By Lorraine Woellert
HOW HOT IS IT? — Pickers worked at night to save the cherry crop in Washington. Restaurants shuttered in Vancouver, citing employee safety. Teachers and school bus drivers were sent home. Baggage handlers just couldn’t handle it.
It’s well established that high temperatures can hurt the economy. In addition to the health costs, fires and stress on crops, heat makes workers less productive. One study found that factory employees in India were less likely to show up for work when it’s unusually hot. The big takeaway: Output falls by more than 2 percent for every 1 degree Celsius increase in annual temperature.
Most workplaces in the U.S. have air conditioning, even in the Pacific Northwest. But more than a third of U.S. jobs require outdoor work, and more than 4 percent of workers are required to spend most of their day outside.
And American business relies heavily on foreign labor. So when a heat wave slams factories in India, U.S. companies are hit, too.
“If you have climate control in your workplace, you’re kind of protected from the effects of outdoor heat while you’re at work,” said Anant Sudarshan, co-author of the India report and South Asia director at the Energy Policy Institute at the University of Chicago. “The cost is that you do need climate control in the workplace. You trade off the value of productivity with the cost of electricity.”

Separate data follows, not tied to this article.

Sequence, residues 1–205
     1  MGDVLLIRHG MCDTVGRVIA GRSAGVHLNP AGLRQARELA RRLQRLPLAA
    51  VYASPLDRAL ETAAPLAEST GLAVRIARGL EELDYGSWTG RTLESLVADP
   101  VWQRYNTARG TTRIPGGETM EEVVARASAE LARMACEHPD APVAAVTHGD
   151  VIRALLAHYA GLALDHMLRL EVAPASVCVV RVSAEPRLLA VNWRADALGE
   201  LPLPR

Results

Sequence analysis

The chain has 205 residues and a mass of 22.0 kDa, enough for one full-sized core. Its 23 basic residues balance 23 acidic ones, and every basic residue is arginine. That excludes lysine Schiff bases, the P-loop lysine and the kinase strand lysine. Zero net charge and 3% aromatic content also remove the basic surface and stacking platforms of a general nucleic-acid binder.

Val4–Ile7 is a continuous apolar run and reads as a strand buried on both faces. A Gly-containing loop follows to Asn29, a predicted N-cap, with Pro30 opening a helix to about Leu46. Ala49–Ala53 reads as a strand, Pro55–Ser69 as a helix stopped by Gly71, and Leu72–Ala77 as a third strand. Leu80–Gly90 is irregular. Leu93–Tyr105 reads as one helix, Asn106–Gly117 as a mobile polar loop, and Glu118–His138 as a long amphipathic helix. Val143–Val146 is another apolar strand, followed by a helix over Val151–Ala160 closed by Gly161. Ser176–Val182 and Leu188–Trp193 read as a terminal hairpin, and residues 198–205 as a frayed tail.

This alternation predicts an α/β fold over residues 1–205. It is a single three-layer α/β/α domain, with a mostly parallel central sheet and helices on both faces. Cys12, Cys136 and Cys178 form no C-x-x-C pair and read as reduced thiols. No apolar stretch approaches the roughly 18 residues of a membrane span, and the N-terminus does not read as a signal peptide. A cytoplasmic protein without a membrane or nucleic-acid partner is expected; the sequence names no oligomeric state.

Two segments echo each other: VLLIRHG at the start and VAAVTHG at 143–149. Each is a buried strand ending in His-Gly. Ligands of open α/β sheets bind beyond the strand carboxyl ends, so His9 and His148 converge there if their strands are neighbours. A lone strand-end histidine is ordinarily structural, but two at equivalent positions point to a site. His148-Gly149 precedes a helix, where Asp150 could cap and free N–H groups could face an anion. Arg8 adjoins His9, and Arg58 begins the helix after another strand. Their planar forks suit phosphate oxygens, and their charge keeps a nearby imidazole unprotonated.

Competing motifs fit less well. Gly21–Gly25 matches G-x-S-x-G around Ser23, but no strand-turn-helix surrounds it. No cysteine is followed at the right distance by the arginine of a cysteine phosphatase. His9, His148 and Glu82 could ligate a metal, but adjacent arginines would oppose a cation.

To stay competitive, some companies might pick a third option: Abandon the workers.
“Instead of paying an electricity bill, you pay a robot,” Sudarshan said. “The gap between human beings and automation is narrowing anyway. What happens when you dump the heat costs on human beings’ productivity?”
Indian diamond-cutting factories already deploy air conditioning strategically, using it only where skilled labor is required, such as sorting, Sudarshan said. Where machines can do the work, they do.
“A secular increase in temperature is one more reason not to invest in labor,” he said. “That’s going to mean jobs are lost.”
Heat waves are scorching Eastern Europe and Russia, too.